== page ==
“For me I can see allowing no further density without there being social justice involved in that density. The city is undergoing a process of social cleansing right now. My generation, my cohort, is being moved out of this community now… People I know, people I loved for a long time are moving to other places, they can’t afford it… Right now you have gentrification going on… Someone like me I might have dreamed of getting married at Astorino’s and taking my kids… to the Little Nest… and maybe they can’t ever live here. Well, I don’t want that… We already have that social mix of poor and middle class… of everybody the city aspires to elsewhere. We already have a sustainable community with a good balance of cultures and heritage… This is the model—don’t come here to fix it, export it to other places!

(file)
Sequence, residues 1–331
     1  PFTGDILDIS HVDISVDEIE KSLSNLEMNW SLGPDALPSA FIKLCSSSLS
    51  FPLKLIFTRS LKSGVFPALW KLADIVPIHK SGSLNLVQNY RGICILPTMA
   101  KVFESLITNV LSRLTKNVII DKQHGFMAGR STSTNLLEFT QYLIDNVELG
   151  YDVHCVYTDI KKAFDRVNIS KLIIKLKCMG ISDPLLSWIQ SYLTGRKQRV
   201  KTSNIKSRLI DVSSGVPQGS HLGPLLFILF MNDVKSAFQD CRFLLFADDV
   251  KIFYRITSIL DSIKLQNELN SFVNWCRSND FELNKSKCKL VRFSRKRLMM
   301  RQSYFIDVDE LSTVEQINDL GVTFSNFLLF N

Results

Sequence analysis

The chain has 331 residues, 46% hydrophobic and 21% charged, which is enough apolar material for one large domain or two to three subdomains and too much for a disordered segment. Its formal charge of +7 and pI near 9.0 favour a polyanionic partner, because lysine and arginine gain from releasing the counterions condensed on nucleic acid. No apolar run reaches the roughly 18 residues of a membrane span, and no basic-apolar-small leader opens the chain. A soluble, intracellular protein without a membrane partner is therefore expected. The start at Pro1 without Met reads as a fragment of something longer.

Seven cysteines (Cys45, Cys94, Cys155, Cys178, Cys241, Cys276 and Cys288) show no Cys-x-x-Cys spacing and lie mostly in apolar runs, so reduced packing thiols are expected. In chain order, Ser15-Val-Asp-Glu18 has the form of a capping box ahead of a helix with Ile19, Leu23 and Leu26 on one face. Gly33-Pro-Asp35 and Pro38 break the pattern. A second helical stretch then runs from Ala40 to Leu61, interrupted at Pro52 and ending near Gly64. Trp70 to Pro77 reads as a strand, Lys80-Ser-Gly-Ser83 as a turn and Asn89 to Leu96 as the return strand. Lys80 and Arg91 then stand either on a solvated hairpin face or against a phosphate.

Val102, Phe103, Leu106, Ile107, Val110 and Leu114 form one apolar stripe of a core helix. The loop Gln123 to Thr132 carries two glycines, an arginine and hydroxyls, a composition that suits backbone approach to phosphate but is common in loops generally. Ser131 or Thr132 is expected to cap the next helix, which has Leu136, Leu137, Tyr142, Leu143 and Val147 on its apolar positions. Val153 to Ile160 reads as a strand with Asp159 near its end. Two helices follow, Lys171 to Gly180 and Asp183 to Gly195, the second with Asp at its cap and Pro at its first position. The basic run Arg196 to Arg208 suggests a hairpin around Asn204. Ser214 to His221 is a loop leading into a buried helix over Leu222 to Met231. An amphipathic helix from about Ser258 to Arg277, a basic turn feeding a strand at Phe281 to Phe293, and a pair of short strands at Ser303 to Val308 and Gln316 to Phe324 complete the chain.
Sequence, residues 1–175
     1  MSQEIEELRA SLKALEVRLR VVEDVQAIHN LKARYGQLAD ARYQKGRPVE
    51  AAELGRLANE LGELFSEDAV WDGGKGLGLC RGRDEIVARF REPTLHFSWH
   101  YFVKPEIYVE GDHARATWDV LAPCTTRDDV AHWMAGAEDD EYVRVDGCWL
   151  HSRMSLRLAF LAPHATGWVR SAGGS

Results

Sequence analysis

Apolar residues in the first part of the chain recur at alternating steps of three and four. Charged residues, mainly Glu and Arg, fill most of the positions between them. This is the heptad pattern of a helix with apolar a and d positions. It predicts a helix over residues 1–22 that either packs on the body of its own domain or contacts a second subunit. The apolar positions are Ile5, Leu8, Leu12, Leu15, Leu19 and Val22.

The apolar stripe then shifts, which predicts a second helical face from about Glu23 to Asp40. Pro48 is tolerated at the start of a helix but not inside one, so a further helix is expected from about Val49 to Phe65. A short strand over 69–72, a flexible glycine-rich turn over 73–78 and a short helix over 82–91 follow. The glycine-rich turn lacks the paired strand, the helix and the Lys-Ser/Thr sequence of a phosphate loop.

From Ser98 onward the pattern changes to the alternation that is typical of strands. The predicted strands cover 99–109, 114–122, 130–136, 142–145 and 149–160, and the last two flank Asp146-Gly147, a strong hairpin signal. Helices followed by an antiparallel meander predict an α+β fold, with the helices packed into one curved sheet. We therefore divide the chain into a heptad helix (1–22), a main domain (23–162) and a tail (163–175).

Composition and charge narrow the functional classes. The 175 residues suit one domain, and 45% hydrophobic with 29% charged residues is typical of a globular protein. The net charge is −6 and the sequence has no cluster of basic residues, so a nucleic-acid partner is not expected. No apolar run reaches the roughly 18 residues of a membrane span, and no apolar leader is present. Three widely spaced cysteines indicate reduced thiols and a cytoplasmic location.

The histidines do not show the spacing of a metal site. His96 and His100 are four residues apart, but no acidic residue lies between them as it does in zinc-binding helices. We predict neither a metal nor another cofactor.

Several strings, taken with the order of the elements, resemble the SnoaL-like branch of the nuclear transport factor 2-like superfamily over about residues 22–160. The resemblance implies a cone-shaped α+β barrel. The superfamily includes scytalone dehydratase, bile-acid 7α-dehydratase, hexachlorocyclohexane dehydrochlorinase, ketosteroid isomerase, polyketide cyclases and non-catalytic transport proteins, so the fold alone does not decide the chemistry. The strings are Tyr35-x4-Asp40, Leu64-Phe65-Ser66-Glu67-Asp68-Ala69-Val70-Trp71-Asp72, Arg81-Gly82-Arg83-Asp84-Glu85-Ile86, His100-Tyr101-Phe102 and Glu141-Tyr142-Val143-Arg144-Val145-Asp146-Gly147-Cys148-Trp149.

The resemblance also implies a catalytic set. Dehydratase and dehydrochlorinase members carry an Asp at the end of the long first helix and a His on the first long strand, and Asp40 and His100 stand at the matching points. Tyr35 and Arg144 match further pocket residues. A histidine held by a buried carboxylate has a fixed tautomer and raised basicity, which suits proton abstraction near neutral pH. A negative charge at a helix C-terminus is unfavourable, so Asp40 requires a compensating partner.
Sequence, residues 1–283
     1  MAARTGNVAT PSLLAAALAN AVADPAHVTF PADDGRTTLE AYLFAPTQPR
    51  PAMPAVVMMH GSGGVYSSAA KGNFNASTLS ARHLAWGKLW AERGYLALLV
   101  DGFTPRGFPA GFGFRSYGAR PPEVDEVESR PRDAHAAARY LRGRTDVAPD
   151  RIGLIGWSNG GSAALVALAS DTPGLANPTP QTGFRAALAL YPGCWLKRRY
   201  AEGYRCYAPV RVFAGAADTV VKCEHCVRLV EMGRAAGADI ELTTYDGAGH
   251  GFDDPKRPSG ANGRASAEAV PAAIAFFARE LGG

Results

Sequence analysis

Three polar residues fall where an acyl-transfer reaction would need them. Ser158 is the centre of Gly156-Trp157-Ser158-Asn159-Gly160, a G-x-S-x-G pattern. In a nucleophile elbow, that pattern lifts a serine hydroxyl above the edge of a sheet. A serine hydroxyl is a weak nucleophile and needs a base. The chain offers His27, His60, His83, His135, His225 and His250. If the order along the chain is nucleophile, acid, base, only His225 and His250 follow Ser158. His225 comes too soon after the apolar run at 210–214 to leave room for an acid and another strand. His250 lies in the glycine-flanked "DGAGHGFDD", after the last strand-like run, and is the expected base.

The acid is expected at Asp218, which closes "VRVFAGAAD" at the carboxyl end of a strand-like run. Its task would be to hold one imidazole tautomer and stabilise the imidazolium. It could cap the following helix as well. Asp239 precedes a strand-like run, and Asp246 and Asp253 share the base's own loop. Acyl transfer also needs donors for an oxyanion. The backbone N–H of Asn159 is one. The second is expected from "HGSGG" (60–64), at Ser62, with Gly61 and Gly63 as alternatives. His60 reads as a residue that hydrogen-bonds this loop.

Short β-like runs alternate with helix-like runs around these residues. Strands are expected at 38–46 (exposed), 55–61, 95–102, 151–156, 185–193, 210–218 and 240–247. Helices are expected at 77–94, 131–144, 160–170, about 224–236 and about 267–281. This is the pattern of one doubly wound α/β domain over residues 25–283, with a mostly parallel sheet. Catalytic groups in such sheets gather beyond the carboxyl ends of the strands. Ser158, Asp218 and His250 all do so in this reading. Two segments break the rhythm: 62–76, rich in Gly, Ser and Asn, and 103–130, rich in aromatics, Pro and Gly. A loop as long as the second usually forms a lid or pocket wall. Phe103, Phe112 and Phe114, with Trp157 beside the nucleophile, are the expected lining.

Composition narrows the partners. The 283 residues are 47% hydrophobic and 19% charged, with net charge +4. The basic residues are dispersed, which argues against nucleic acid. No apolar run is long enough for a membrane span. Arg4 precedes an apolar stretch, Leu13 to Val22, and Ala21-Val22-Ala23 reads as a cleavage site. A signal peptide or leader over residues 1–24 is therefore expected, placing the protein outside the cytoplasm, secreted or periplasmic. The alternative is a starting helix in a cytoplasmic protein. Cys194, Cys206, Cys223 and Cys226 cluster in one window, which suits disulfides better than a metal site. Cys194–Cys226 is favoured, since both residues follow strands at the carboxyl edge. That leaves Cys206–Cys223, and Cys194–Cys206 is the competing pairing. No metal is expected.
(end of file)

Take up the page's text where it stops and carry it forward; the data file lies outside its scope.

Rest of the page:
Before I was born the city fathers said let’s not have giant flyways and freeways going through the city. They fought that. Every other big city in North America has them and hates them. In a few years people are going to realize packing themselves into giant glass and chrome towers in the sky is the same thing, and they’re going to hate them too. So don’t fall for the trend… We’ve seen the model, it does not work… the social housing never materializes, so before any more density, let’s see social justice.”
One important observation that Jane Jacobs made was that communities that retain some of their older buildings assist in providing relatively inexpensive rents. New buildings and those using concrete construction are expensive to build and any new rentals are going to be expensive. This radically changes the neighbourhood, especially if less expensive older buildings with individual debt-free landlords are torn down and replaced by new buildings with large mortgages and professional landlords.